Outlook 2021: Toward a People-Centered Digital Society
As Japan girds up for digital transformation, the Foundation’s leading tax and social security expert warns against “dataism” and calls for enlightened, people-centered public policies.
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Multinational tech giants like Google, Apple, Facebook, and Amazon (collectively known as GAFA) are rapidly transforming our economy, society, and way of life. The time has come for public policymakers to begin seriously grappling with the implications of a digital society controlled by a handful of powerful corporations.
GAFA and other tech giants have developed business models that rely heavily on the personal data they collect from the users of their digital platforms. Aided by algorithms and artificial intelligence, they analyze, exploit, and commodify that data for advertising purposes while expanding their own platforms. Such innovations as blockchain and the Internet of Things promise ever-swelling profit margins for big tech.
The role played by big tech in our society is growing day by day. Companies that began as online marketplaces for the exchange of labor, goods, information, and capital are now expanding into such realms of public policy as education, healthcare, and climate change. If their plans to issue their own digital currencies come to fruition, they could become genuinely supranational entities.
As big tech has grown, meanwhile, so have concerns about anticompetitive practices and privacy issues. These companies have gained market dominance in part by buying up competitors before they could pose a serious threat, and they have solidified their position by using their market clout to shut out competition. At the same time, improper use and inadequate protection of users’ personal information have raised serious privacy concerns worldwide.
The spread of Internet technology and digital platforms has also led to the rapid growth of the gig economy and a sharp increase in the number of freelancers who enjoy neither job security nor the safety-net benefits to which regular payroll employees are entitled. At the same time, AI is replacing more and more white-collar jobs, eroding a sector of our society that has traditionally helped to moderate and ground public opinion. With the economic benefits of digitalization flowing disproportionately to a small number of executives and investors, resentment and alarm over economic inequality is rising, creating momentum for such populist policies as a no-strings-attached universal basic income.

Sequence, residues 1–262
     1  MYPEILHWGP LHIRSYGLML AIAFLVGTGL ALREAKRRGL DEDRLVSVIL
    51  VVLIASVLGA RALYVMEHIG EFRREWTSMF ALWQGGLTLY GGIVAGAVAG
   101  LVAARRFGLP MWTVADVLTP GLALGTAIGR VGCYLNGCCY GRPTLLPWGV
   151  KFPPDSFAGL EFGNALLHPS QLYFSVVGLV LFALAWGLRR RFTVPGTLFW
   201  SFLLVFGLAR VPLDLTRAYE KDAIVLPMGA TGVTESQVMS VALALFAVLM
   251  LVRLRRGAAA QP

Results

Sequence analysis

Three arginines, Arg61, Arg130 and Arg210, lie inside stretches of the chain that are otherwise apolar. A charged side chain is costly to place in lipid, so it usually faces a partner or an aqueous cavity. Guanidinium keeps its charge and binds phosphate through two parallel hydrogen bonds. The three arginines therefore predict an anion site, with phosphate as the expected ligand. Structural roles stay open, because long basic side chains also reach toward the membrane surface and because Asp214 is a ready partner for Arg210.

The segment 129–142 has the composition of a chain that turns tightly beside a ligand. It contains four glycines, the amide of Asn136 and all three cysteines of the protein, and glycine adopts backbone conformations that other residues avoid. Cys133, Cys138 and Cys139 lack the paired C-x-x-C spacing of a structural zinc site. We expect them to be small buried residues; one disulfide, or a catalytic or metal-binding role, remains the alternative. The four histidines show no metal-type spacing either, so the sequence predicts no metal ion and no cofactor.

Can the multinational tech giants replace national governments as the entities responsible for securing peace and prosperity, maintaining the stability of society, and guaranteeing the freedom and security of its members? At this point, no one can answer that question. But I believe that one of our most urgent priorities for 2021 is to begin seriously considering and debating the implications—positive and negative—of a digital society increasingly controlled by big tech.
Social-media platforms like Facebook and Twitter have contributed greatly to the fragmentation and polarization of public opinion in recent years. Instead of uniting to defeat COVID-19, people around the globe are more divided than ever as they choose sides in the battle between “freedom” and “regulation.” Such ideological polarization is straining the very fabric of society. What can we do to ensure that digital transformation does not divide us even further?
Even while promoting the development of a digital society, we must reject the ideology of “dataism,” which reduces human beings to quantifiable flows of information. We must reaffirm the primacy of human values—not algorithms—as the controlling force in our individual and collective lives.
What does this mean in terms of public policy? Among our priorities should be tax and social security reform geared to the redistribution of income and assets; the construction of a social safety net adapted to the needs of our digital age; and bold, forward-looking measures to reform and enhance education at every level.
The times in which we live call for a far-reaching and concerted effort, combining contributions from every scholarly field, to build a people-centered society. In the coming year, my own activities—including research, analysis, and commentary—will be dedicated to helping the Tokyo Foundation for Policy Research play whatever part it can in this vital undertaking.